Mexican hometown groups wooed

Discussion in 'Current Events' started by Stephanie, Jul 8, 2006.

  1. Stephanie

    Stephanie Diamond Member

    Jul 11, 2004
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    Members urged to become U.S. citizens, vote for local politicians
    BY RACHEL URANGA, Staff Writer

    The National Council of La Raza's annual convention in downtown Los Angeles today is turning out to be a who's who of Latino power brokers - with local politicians rearranging their schedules and attendees buzzing about who will come.
    But behind all the schmoozing and banquets, one of the nation's best-known civil rights groups is courting a lower-profile player, one some say is just as powerful a player: hometown associations.

    The hundreds of associations - built up over decades by tens of thousands of expatriates who send home billions of dollars a year - are increasingly flexing their political muscle on this side of the U.S.-Mexico border.

    While groups like the Veterans of Foreign Wars and the American Legion struggle to attract new members, immigrant groups like Organización Queretana and Club Chihuahua - representing Mexican immigrants from their respective states - are booming.

    "These groups were ignored because they weren't sufficiently organized before. But now they have become very highly organized, hierarchial and their members are loyal," said Louis DeSipio, associate professor of political science and Chicano studies at the University of California, Irvine.

    "In Los Angeles, Chicago, Houston - they are the most active organizations among immigrants. And while they were once focused on Mexico, they are increasingly focusing on civic issues here."

    That means if politicians have aspirations to higher office or are seeking support for education reform, they would be wise to build relationships early on with groups that are likely to become strong voting blocs, he said.

    Aides for Mayor Antonio Villaragiosa have met with the Consejo de Federaciones Mexicanas en Norte América (COFEM), which represents 50,000 Mexicans, to discuss how they can work together to provide a better education for children in Los Angeles.

    Over the week, the National Association of Latino Elected officials and the National Council of La Raza have also set up meetings with the group to discuss partnerships in education, health and voter registration.

    "We are gaining in prominence," said Arturo Carmona, executive director of COFEM. "Our goal is to be one of the largest member-based, Latino-based organizations in the nation with the ability to educate and mobilize the community."

    largest umbrella organization for hometown associations, with more than 400 groups - estimates it brought out at least 100,000 people through its extensive network.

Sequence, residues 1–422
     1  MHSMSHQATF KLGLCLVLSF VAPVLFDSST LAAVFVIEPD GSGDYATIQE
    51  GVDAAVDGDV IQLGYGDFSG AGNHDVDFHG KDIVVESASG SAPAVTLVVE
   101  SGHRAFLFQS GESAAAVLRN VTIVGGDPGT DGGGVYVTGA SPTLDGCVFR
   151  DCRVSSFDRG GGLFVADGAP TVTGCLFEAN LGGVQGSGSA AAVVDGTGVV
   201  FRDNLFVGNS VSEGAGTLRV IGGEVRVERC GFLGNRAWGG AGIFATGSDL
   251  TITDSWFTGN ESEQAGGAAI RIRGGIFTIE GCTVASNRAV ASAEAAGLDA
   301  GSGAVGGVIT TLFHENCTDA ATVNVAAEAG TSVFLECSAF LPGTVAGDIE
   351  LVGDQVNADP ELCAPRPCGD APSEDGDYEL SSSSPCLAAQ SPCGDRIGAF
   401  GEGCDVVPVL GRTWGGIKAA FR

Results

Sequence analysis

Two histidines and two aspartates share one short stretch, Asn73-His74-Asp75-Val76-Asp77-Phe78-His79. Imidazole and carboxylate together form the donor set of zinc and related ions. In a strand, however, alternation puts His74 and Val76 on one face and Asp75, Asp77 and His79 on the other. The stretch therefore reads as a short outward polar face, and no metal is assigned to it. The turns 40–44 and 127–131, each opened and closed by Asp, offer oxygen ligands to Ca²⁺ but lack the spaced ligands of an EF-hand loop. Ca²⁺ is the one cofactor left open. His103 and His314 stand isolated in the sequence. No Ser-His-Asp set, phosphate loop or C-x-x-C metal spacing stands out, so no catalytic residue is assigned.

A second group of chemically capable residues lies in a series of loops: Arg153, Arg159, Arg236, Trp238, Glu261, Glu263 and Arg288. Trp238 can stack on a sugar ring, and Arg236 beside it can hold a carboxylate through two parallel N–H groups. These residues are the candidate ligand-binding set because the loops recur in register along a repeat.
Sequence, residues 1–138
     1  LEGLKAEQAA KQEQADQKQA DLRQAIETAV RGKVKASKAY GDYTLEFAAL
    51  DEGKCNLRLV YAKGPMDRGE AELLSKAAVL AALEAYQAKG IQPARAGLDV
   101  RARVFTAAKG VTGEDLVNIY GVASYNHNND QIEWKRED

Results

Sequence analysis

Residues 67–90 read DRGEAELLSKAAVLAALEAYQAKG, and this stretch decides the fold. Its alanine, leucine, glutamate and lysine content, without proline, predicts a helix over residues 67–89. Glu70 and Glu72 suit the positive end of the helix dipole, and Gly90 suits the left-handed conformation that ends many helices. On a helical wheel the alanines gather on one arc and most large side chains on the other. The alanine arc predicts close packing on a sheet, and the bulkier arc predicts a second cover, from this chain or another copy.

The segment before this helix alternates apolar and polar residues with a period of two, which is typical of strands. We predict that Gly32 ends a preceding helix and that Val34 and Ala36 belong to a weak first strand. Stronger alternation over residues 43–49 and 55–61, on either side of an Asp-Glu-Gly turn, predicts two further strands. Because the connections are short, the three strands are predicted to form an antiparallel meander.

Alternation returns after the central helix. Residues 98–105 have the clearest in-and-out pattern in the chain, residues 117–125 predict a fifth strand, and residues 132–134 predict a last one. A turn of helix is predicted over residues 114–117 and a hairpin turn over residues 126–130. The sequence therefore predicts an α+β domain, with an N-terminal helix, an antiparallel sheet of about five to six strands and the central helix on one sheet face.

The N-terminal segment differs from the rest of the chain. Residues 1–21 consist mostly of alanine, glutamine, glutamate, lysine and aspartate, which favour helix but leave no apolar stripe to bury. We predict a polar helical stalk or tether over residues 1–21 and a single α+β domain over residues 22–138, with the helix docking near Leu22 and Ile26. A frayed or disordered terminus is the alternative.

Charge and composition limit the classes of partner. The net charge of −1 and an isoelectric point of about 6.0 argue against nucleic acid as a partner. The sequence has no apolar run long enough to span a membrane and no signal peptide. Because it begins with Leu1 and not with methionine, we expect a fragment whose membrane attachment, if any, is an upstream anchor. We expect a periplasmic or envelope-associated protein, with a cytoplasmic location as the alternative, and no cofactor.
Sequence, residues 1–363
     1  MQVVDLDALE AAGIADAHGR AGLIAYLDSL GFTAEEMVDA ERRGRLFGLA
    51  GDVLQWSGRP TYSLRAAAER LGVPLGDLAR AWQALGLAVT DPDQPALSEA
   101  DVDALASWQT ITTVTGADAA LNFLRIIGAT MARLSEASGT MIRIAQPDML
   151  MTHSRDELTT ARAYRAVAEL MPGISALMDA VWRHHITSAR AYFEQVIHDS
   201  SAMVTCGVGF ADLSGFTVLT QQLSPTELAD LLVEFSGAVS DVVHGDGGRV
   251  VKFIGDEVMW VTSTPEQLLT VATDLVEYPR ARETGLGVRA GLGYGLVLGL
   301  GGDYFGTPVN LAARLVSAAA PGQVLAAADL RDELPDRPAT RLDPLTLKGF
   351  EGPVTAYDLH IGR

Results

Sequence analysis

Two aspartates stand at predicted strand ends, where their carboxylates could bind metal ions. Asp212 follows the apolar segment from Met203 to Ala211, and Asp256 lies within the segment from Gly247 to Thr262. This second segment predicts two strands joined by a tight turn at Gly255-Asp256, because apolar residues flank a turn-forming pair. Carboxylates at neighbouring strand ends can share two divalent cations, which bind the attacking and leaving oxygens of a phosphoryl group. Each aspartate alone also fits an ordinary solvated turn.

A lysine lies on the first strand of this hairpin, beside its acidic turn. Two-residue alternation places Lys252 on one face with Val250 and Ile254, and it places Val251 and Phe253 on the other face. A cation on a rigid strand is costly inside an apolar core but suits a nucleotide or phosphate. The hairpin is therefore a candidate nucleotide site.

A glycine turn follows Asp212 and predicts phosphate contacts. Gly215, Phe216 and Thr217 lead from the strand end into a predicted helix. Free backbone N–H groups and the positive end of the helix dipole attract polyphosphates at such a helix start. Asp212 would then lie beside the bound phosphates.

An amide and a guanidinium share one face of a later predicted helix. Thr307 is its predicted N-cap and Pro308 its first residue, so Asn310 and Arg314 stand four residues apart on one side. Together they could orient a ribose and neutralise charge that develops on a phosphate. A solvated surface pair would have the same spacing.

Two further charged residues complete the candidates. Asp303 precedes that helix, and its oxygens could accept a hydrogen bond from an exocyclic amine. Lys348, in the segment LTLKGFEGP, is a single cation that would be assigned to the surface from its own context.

"Before, we wanted to return to Mexico. We thought we would invest in Mexico ... but after years and years, many of us developed roots here and we are not going to return," said Salvador Garcia, president of COFEM and an association representing 4,000 immigrants from the state of Jalisco.

    "Many constructed houses in Mexico because they thought they were going to return. But we are here and living in houses that we are paying rent for. We are recommending that if you are here, develop here."

    COFEM and other groups are encouraging their members to become citizens, get involved in local politics and use health services many immigrants shy away from.

    And their membership continues to boom, bolstered by matching funds from the Mexican government and the creation of an agency dedicated to migrants abroad.

    In 1998, the Mexican government counted 441 hometown associations; by 2003, there were 623, according to COFEM.

    The associations or hometown groups representing specific regions in Mexico are usually started by immigrants who pool together money to send home. They hold fundraisers and dances and, at their strongest, can become a powerful economic force in their hometown.

    Groups representing Michoac n say they sent home billions of dollars last year.

    "Their voice is increasingly louder," Efrain Escobedo, director of voter engagement for NALEO. "Now they are a significant part of Latino leadership, specifically in Southern California."
  2. 007

    007 Charter Member Supporting Member

    May 8, 2004
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    Fine. I'm going to join the Aryan Nation.

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